landlord. The dictatorial rights of the muktar, or village headman, 


have been reduced. Efforts to introduce up-to-date agricultural 
methods, modern hygiene and medical practice have met with 
stubborn opposition. 

Some observers believe that even greater efforts could be made 
to win the confidence of the Arab minority to prove that the state 
wants it to stay. Among such evidences of good faith would be 
permitting broken Arab familiessome members of whom live in 
camps to be reunited. Also, some of the more unrealistic boun- 
daries could be rectified by ceding completely Arabic areas to 
Jordan, such as the "little Triangle" containing 30 villages. That 
would provide for 20,000 or more refugees. Western Galilee, north 
of Haifa, which was given to the Arabs by United Nations resolu- 
tions, could be restored to them. This area could possibly support 
100,000 Arabs who are now refugees in Lebanon. That part of 
New Jerusalem which was almost exclusively Arab might be re- 
turned without denying Israel possession of the major portion of 
the New Gty. This would take care of 30,000 Arabs. These acts 
might change the attitude of the Arab minority from one of resent- 
ment to one of loyalty and cooperation. It would be a major vic- 
tory for Israel and for democratic procedures. 

Israeli authorities point out that they have done more to raise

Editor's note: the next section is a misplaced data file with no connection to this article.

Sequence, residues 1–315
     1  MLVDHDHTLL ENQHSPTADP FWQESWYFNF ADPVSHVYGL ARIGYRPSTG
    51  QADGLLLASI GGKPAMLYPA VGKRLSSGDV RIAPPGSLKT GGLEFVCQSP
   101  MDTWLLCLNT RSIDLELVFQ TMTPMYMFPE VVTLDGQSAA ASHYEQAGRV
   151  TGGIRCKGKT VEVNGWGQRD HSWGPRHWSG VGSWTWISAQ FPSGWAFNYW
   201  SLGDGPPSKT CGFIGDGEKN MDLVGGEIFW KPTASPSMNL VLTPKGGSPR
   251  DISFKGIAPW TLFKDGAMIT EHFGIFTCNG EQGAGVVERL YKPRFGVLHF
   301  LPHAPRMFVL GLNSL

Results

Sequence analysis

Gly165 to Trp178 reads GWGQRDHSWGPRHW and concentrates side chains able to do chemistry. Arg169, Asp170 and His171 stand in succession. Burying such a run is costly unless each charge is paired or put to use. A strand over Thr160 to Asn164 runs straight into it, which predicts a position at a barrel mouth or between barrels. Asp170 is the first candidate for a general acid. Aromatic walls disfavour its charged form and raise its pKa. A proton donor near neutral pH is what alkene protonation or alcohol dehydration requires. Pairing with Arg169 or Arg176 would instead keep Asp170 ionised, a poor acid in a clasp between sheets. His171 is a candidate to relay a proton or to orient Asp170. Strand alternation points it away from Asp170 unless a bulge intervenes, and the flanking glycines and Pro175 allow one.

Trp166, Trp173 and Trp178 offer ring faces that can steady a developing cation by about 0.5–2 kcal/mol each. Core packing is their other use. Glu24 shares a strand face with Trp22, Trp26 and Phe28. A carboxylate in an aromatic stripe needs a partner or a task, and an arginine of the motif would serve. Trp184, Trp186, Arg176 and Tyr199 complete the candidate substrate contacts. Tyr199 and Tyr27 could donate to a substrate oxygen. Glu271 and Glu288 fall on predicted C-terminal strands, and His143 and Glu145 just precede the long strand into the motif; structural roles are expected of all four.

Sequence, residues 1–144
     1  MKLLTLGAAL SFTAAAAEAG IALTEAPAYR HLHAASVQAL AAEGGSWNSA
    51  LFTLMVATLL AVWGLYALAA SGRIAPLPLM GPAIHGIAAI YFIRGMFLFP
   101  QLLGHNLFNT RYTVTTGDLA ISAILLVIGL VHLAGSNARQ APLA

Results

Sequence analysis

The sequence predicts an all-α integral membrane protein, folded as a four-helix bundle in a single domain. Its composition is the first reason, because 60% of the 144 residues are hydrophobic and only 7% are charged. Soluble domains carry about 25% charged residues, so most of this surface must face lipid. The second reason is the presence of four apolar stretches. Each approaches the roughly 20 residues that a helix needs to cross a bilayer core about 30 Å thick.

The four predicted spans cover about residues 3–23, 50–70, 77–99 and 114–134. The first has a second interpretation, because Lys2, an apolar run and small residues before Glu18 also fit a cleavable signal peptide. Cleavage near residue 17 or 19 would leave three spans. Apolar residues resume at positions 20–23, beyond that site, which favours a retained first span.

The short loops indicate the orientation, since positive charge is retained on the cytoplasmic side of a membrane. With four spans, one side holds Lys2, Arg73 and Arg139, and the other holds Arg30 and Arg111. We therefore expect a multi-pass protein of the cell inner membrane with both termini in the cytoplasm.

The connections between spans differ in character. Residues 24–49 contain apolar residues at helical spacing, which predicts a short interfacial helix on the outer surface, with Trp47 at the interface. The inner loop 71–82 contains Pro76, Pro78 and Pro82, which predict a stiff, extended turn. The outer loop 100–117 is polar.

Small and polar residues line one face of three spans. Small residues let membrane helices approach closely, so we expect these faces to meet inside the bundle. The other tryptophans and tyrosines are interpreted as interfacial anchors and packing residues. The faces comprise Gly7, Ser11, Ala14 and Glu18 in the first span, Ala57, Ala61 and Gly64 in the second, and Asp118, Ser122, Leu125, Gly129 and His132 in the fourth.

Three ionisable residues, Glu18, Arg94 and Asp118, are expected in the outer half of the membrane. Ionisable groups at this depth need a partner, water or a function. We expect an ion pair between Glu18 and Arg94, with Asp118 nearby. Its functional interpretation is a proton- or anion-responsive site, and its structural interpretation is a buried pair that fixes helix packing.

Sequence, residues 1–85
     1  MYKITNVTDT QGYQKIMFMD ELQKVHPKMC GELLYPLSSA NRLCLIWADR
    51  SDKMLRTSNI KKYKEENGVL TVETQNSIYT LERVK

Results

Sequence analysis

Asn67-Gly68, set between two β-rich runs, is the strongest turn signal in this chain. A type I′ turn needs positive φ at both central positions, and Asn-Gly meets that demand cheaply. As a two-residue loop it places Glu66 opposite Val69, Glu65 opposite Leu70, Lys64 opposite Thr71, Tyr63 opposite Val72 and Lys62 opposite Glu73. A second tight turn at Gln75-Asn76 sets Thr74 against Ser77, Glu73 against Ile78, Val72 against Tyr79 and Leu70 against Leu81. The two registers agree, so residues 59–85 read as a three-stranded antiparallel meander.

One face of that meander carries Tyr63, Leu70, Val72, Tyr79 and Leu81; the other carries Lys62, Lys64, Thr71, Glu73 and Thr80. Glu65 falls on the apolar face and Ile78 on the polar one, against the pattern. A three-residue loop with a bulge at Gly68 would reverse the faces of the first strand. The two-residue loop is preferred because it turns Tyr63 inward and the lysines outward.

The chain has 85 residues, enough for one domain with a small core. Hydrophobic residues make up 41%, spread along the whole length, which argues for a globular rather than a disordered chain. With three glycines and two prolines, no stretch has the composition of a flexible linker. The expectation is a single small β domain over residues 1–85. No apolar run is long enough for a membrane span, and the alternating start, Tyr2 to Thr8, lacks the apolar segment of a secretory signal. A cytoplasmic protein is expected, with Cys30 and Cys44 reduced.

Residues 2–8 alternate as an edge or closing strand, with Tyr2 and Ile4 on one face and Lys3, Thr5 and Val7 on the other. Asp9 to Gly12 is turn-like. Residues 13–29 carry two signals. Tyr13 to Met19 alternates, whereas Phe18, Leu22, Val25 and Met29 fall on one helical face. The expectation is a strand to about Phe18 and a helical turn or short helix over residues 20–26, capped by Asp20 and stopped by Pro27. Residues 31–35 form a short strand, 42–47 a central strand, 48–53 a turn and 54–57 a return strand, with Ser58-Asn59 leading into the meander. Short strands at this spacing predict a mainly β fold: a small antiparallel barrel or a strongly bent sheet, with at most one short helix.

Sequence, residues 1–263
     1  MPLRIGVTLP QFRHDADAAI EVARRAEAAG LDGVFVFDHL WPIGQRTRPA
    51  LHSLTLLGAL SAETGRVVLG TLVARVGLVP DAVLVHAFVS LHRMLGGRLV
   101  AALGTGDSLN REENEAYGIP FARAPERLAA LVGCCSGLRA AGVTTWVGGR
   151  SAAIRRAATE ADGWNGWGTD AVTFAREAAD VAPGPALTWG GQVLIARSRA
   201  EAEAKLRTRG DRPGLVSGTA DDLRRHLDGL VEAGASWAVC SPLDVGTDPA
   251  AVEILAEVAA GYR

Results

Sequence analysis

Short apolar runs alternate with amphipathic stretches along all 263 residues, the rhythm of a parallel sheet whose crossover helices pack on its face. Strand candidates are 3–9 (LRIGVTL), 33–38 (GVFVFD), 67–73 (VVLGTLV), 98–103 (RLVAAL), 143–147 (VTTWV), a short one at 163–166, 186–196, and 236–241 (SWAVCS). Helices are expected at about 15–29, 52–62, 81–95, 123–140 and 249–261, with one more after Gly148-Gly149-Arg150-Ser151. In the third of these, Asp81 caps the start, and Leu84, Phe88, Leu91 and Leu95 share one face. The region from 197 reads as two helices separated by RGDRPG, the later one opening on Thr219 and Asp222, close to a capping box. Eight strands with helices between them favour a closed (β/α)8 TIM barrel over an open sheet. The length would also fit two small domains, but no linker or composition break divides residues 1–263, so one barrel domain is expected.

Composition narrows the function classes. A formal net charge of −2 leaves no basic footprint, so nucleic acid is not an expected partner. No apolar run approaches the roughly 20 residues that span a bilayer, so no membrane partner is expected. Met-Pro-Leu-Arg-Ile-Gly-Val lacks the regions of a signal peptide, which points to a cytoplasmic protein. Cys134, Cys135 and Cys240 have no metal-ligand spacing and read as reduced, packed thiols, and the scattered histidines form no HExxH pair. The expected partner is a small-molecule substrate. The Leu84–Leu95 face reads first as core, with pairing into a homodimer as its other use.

standards than any Arab country has done. This is true and un- 
doubtedly arouses the hostility of the Arab effendis who resent 
the extension of liberties to their exploited serfs. Israeli officials 
claim that the difficulties with the Arab minority, many of whom 
are ready to cooperate with their Jewish neighbors, would be 
solved, if the Arab states would relax their intransigent attitude. 

6. Israel Versus the Arab World 

Indeed, most of Israel's woes are caused by the bitter hostility of 
the Arab states on her borders. It is the blockade which saddles 
Israel with a heavy military burden, deprives her of urgently 
needed raw materials, complicates her relations with the rest of the 
world, and prevents her from establishing a sound economy. 

The chasm between Jew and Arab is deep and wide, despite all 

attempts to bridge it. Their respective positions majr be stated 


Israel says: 

"Our title to the land is written in the Bible. It is a God-given, 
holy land. The land acquired by us immediately before the estab- 
lishment of Israel was bought from the Arabs at exorbitant prices. 
The Partition Resolution gave us legal title to larger areas. Resent- 
ing this award, the Arabs attacked us, making no secret of their 
intention to drive us out of Palestine into the sea. In a successful 
war we gained more land which we feel we have a right to hold. 
The boundaries of the state are obviously fantastic and must be ad- 
justedbut not at our expense and to our loss. 

"As for the refugee problem, it is not offmr making. It is unfor- 
tunate that hundreds of thousands of Arabs live in camps. The 
Arab states, if they wished, could absorb them. It is impossible for 
us to re-admit them to Israel since they are our sworn enemies. 

"Repeatedly we have offered to negotiate the differences, but 
the Arabs have refused, denying even the de -facto existence of the 
state of Israel. We have worked hard and have provided a haven 
for hundreds of thousands of homeless Jews who suffered unspeak- 
able tortures in Europe. We have turned the desert into a garden.